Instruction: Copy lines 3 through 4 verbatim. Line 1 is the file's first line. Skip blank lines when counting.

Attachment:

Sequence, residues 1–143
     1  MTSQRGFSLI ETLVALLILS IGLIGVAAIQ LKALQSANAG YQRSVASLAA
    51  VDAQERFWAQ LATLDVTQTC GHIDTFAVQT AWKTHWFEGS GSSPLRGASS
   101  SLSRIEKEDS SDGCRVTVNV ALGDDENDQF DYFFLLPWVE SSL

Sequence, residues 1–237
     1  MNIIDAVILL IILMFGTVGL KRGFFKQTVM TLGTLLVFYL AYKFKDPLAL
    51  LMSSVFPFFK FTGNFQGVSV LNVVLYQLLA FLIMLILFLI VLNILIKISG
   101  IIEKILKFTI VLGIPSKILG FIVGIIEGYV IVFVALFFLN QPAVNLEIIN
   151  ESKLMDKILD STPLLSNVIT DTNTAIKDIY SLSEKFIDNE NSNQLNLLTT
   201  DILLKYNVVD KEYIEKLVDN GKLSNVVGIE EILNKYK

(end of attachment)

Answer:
    51  VDAQERFWAQ LATLDVTQTC GHIDTFAVQT AWKTHWFEGS GSSPLRGASS
   101  SLSRIEKEDS SDGCRVTVNV ALGDDENDQF DYFFLLPWVE SSL